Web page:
Experimental models have also provided insight into the possible pathophysiologic mechanisms responsible for noninfectious lung injury occurring after BMT. TNF-α has been detected in the lungs of animals with GVHD,40 43 and administration of TNF antiserum blocked the development of alveolar hemorrhage but did not reduce the accompanying cellular infiltrate.40 We have previously shown that lung injury that occurred during active GVHD was associated with increased BAL fluid levels of neutrophils, TNF-α, and LPS.7 Elevations of proinflammatory cytokines in the lungs of patients with pneumonitis has been confirmed in one report44 but not in another where lung toxicity after BMT was associated with a Th-2 cytokine response.45 The importance of lymphocytes to lung injury after BMT has also been suggested by several groups.42 46-47 Panoskaitsis-Mortari and coworkers42 showed that donor T cells were important mediators of lung toxicity that developed within the first week of BMT across MHC antigens. Additionally, donor T-cell clones that recognize CD45 polymorphisms contributed to a rapidly progressive pulmonary vasculitis within the first 3 days after their injection into nonirradiated recipients.47 These findings support the clinical observation of Leblond and colleagues,48 who suggested that the alveolar lymphocytosis that accompanied interstitial pneumonitis after allogeneic BMT could represent a pulmonary manifestation of chronic GVHD.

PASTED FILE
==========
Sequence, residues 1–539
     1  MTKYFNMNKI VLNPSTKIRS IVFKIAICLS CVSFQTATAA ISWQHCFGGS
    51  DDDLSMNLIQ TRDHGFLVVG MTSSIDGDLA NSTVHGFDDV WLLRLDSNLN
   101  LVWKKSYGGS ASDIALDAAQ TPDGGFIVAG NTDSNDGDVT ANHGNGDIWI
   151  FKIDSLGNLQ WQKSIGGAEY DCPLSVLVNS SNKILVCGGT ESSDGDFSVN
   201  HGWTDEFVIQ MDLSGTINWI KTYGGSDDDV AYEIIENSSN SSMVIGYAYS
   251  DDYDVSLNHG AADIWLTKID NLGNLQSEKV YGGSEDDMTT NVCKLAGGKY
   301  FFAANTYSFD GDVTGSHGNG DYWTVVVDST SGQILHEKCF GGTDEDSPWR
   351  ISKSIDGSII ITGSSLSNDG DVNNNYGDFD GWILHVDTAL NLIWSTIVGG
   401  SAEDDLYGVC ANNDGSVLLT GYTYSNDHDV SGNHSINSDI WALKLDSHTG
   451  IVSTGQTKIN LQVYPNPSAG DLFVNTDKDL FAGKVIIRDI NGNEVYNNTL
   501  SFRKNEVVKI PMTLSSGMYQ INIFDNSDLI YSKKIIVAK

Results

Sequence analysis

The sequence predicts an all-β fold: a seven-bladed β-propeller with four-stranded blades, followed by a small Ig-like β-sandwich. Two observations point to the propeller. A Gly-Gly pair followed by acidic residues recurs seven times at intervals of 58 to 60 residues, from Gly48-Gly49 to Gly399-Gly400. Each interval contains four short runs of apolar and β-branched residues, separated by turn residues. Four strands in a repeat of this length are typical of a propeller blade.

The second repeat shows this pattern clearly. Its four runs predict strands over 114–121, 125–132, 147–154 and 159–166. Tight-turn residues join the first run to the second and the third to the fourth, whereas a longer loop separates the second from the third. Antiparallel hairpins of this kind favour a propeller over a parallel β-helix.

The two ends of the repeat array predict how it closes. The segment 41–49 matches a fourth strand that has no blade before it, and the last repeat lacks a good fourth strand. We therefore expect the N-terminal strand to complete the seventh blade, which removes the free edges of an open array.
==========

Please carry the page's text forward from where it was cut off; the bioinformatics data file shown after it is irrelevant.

The current study further dissects the pathogenesis of IPS by showing a role for donor T-cell reactivity in mediating lung damage that occurs after allogeneic BMT, even when systemic GVHD is absent. Our observation that host-reactive donor lymphocytes are present in the BAL fluid but not the spleens of animals after TCD BMT is intriguing and suggests that the lung may be particularly sensitive to the effects of these cells even when systemic tolerance has been established. It remains unresolved, however, as to whether the GVHD induced alterations in BAL fluid cytokine levels and in pulmonary histology after TCD BMT are mediated by mature donor T cells remaining in the BM innoculum, by effector cells that have differentiated from an engrafted BM within an allogeneic thymic environment, or by a combination of these cells. With respect to the latter, previous work using this strain combination has shown that acute GVHD is accompanied by loss of normal thymic repertoire selection.21 In the current study, thymic cellularity was reduced in mice receiving TCD BMT compared with syngeneic BMT controls (26.3 ± 2.5 × 106 v 42.9 ± 3.9 × 106, P < .01), whereas the number of thymocytes in both groups remained significantly higher than those in mice with clinically evident GVHD (6.4 ± 2.0 × 106, P < .01). Thus, mild thymic dysfunction and a loss of negative selection could account for the persistence of host-reactive donor T cells after TCD BMT. Data supporting the second hypothesis can be found in an study by Korngold et al,17 where as few as 3 × 104 B10.BR T cells (equivalent to 0.3% T-cell contamination of the marrow) resulted in significant systemic disease and mortality from GVHD in CBA recipients. It is possible, therefore, that transplantation of a very small number of mature, host-responsive T cells could result in small but significant changes in cytokine production and cause damage in a sensitive target organ, such as the thymus or the lung, without producing significant systemic or histologic GVHD in other target organs. Further studies using genetically marked bone marrow and thymectomized recipients will be needed to address the relevant contributions of these two mechanisms to lung damage after allogeneic BMT.